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The immigration battles intensifies

Dec 18, 2010 9:51 am
Massachusetts newspapers, including the Berkshire Eagle, ran stories yesterday and today about how their State Police and other Mass. law enforcement agencies will now join a controversial program intended to help federal authorities detect illegal immigrants, with state Public Safety Secretary Mary Beth Heffernan saying Massachusetts will sign an agreement to formally join Secure Communities, a federal program that screens all people who are arrested and fingerprinted to determine who is an illegal immigrant. Those here illegally will be reported to US Immigration and Customs Enforcement, which will decide whether to detain and deport them. State officials are saying they agreed to sign up because the Obama administration has demanded that the system expand nationwide by 2013. Boston, which already runs the program, was a pilot for the system. However, state officials complained that the US government has sent them mixed signals on the system. The move marks a shift for the Patrick administration, which had adamantly opposed having the State Police help enforce immigration law and overturned former governor Mitt Romney’s pact with the federal government to deputize some state troopers to enforce immigration law.

Gov. David Paterson signed New York state onto the program in May, a move that is being protested and petitioned throughout the state, as is also happening in neighboring New Jersey, asnd is expected in Massachusetts.

The Massachusetts State Police will participate in a federal program that automatically checks the immigration status of those who are arrested, the state's top state public safety official announced Friday.

In a statement, Public Safety Secretary Mary Beth Heffernan said the state will formally join a program called Secure Communities after months of deliberating by state officials.

The Immigration and Customs Enforcement program allows arrestees' fingerprint information to be checked against FBI criminal history records and biometrics-based immigration records kept by the Department of Homeland Security. But the program has drawn fire from some Massachusetts-based immigrant advocacy groups who say it discourages legal and illegal immigrants from cooperating with police.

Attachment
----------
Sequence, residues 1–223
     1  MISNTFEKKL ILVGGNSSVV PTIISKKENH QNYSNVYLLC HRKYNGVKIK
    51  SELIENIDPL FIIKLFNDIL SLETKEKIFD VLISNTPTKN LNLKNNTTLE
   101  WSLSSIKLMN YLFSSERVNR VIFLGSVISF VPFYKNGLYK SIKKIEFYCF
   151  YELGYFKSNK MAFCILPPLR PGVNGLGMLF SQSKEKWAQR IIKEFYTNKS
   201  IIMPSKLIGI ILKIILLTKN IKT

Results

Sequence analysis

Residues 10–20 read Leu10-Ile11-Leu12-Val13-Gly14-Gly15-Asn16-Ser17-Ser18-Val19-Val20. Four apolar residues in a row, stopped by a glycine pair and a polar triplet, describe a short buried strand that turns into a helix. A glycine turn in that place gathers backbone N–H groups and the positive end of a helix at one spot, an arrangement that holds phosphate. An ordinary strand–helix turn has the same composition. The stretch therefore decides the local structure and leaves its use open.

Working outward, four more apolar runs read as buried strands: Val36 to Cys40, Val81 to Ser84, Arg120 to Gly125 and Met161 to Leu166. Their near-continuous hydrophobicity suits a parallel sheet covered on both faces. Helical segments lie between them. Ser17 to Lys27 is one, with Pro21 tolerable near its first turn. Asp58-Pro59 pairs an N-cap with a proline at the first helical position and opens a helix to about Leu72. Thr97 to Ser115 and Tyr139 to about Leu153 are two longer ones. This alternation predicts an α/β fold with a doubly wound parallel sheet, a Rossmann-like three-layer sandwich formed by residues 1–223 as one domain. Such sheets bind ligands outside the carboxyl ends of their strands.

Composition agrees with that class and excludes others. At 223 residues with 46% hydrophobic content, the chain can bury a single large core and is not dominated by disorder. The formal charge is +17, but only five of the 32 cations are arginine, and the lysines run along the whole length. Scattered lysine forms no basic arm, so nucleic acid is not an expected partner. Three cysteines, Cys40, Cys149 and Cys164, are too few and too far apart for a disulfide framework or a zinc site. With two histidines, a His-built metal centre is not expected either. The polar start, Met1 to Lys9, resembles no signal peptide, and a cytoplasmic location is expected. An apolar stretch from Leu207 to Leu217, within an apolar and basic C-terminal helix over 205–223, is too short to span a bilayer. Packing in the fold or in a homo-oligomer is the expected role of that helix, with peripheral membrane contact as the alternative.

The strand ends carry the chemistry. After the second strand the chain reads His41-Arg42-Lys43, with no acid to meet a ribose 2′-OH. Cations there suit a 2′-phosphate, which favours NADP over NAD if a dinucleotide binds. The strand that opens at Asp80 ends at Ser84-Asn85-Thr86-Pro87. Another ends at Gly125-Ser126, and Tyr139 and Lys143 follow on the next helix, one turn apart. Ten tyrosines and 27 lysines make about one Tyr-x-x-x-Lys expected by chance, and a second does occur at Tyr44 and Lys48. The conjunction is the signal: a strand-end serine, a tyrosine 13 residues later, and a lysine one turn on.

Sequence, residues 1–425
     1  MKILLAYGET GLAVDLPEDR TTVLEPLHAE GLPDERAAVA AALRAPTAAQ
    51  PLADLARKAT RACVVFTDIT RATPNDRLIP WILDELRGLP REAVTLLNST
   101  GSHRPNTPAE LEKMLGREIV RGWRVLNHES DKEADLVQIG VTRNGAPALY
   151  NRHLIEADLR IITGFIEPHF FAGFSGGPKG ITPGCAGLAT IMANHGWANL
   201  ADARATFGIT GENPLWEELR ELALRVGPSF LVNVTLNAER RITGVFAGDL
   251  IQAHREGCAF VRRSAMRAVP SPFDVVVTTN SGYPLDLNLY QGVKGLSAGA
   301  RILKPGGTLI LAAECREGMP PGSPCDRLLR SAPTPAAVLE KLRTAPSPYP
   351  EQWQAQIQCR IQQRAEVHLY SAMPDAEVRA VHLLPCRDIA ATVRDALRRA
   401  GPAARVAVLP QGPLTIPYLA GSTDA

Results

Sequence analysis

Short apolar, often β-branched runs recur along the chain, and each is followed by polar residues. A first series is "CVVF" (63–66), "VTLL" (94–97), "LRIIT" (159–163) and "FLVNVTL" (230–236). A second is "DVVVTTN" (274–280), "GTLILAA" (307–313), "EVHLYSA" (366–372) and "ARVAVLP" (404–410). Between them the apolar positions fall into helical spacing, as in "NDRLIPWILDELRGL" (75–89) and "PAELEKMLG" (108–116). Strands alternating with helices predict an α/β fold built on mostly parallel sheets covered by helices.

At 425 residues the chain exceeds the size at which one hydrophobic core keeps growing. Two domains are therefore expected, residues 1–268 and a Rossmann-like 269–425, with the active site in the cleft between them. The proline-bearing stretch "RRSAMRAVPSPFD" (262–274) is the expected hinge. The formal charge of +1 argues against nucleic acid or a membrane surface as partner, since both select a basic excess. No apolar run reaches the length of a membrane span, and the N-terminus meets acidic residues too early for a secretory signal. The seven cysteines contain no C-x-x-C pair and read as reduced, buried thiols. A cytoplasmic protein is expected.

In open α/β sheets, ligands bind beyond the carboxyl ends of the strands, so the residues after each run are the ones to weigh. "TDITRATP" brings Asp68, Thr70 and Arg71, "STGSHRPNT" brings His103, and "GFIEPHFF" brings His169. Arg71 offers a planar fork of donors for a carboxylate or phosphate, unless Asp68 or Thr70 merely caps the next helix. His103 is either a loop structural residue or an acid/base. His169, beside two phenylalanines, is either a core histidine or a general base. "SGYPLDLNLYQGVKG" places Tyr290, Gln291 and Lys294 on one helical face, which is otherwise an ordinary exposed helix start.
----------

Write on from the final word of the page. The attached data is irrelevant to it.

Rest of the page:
Heffernan said state officials concluded that they have to participate.

"It has become clear now that this program is going to be mandatory for all communities in the near future," Heffernan said in a statement. "With that knowledge we will sign the (agreement) with ICE."

Patricia Montes, executive director of Centro Presente, a Somerville-based immigrant advocacy group, condemned Friday's announcement and said the program is really aimed at targeting immigrants, not fighting violent crime.

"It is sad and it is very lamentable that in this state, that is considered one of the most progressive in the country, that the Patrick administration would sign onto something as odious as the ironically named Secure Communities program," Montes said.

The decision was also denounced by the Massachusetts Immigrant and Refugee Advocacy Coalition and the ACLU of Massachusetts over concerns that ICE would keep data even in a wrongful arrest.

"Gov. Patrick has previously shown great sensitivity to the concerns expressed by the state's immigrant and refugee communities," said Eva Millona, executive director of the coalition, noting she was disappointed by the governor's reversal.

But the move was hailed by Attorney General Martha Coakley, who said she supported the decision.

"It is a positive step for public safety to ensure that we are properly identifying people who already have been arrested and sharing that information with federal authorities for appropriate action," Coakley said.
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